Why Bother Going Outside?

The Ideas & Solutions blog is intended to provide a forum for the discussion of child care and early education issues and ideas. We hope to provoke thoughtful discussions within the field and to help those outside the field gain a better understanding of priorities and concerns.

By Jeannie Evans & Janelle Balarashti, Early Care & Education Team, The Family Conservancy

Originally published in the Summer 2020 Issue of Kansas Child Magazine

As we face this time of uncertainty during the COVID-19 pandemic, it is even more critical that we make sure our children are spending extra time outdoors. Not only does it help relieve stress and anxiety by re­ducing levels of cortisol in the brain, but a “recent U.K. study found that just 5 minutes of exercise in a natural outdoor environment can rapidly improve self-esteem and mental health in young people.”

Here are just a few of the key benefits of outdoor play:

1. Our bodies thrive on sunshine! Healthy doses of sunshine support the immune system, improve mood and aid in promoting healthy sleep. An added bonus while enjoying time in the sunshine is the reduced risk of near-sightedness that can occur from too much up-close screen time. The eye is allowed to see more into distances.

2. Outdoor play encourages a greater variety of movement that generally allows for enhanced activity, including quick reaction time and more vigorous movements. Children are allowed to think more creatively about how to move their bodies, heightening their sense of how a body moves in space! Children are more apt to use those “brain building” movements that are conducive to increasing brain synapses, such as spinning and crossing the midline.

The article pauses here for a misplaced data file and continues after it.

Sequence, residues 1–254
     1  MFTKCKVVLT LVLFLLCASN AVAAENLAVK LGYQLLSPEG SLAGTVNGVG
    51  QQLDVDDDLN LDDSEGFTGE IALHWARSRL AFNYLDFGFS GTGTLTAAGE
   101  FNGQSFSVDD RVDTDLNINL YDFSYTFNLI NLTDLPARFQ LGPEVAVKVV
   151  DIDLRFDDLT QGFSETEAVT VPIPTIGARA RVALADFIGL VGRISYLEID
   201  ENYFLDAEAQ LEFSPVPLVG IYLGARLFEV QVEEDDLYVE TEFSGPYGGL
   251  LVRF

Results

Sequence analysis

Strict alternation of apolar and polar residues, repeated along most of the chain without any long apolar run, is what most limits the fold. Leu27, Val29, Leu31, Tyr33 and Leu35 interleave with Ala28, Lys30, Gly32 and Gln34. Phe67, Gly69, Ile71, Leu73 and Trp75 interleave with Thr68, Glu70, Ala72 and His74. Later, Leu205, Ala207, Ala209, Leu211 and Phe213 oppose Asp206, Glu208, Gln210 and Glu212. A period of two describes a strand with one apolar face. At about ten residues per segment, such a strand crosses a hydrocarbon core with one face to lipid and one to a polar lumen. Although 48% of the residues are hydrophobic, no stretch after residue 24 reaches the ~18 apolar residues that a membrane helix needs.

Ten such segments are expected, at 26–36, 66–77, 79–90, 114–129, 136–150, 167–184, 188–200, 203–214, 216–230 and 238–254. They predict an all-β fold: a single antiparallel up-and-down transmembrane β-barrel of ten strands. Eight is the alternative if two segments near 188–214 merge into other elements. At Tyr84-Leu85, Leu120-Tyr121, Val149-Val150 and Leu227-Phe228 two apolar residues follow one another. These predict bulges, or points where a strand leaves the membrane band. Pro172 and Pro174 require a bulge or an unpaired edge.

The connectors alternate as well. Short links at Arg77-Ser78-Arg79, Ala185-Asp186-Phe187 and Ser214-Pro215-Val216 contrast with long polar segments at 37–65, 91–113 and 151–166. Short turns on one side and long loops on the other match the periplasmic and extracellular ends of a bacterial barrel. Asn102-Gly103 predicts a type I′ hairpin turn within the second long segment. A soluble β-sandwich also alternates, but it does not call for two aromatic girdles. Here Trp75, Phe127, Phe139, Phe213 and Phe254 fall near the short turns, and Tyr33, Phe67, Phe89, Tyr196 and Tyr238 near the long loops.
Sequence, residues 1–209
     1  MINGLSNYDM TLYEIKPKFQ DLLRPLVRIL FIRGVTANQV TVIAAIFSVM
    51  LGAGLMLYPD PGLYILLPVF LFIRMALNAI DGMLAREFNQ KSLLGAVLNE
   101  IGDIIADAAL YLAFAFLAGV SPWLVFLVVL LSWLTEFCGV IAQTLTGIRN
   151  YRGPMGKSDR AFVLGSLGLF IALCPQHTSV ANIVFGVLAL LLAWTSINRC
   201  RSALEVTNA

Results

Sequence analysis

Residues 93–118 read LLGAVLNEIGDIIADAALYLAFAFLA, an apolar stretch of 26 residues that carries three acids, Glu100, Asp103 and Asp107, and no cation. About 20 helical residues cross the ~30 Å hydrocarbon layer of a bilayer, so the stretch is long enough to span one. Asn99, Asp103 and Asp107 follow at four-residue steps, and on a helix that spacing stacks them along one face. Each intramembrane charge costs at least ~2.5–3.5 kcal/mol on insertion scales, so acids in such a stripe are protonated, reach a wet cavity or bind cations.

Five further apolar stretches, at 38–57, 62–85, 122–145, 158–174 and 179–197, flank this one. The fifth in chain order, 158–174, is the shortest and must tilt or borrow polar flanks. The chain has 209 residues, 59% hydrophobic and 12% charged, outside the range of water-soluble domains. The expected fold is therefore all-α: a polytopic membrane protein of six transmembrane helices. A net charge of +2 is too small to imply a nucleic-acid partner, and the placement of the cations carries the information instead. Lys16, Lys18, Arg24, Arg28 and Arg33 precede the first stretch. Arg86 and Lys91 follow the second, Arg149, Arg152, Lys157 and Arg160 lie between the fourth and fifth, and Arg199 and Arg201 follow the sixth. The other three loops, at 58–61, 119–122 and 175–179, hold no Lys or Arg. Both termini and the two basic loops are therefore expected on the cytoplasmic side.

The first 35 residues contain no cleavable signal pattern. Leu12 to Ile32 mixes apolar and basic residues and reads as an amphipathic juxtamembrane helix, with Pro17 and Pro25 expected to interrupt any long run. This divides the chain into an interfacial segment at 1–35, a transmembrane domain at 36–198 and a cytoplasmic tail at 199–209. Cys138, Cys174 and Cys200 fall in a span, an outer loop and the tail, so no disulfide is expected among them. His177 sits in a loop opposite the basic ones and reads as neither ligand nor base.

3. Being outside improves children’s social skills. Not only does outdoor play give children a chance to move, but it allows them to learn problem-solving skills, how to cooperate and compromise as they make up new games, and how to interact within large and small groups of players. New vocabulary is developed by connecting the actual objects to words giving them more meaning. What does a habitat mean and how does it look different for different creatures? Being outside in nature increases those opportunities for the kind of hands-on learning experiences that a child can relate to in real life. What exactly is “fungi,’’and what is “squishy,” “mossy,” “muddy,” “rough” and “soft?” What happens when I add more water to the sand or dirt? The list goes on and on.

4. Trying new things helps make us brave! By going outside and exploring the effects of risk versus danger, children are able to learn what their bodies are truly capable of and heighten their self-esteem and self-confidence.

5. Our mental health gets a boost! Experiencing nature or green space on a regular basis increases a child’s ability to deal with stress, focus on a task, and might reduce a child’s risk of hyperactivity.

If a child grows up never digging in the soil, playing in a stream, walking in the woods and seeing animals in their natu­ral habitat or watching a sunset, they have no way of knowing all that we would lose without nature. Ask yourself: Who benefits most from experiencing time spent out­doors and in nature?

What do YOU do now? Put aside the children’s schoolwork, put down the tablets, and go outside with the children. Now is YOUR time to improve your children’s over­all health for today and for their future.

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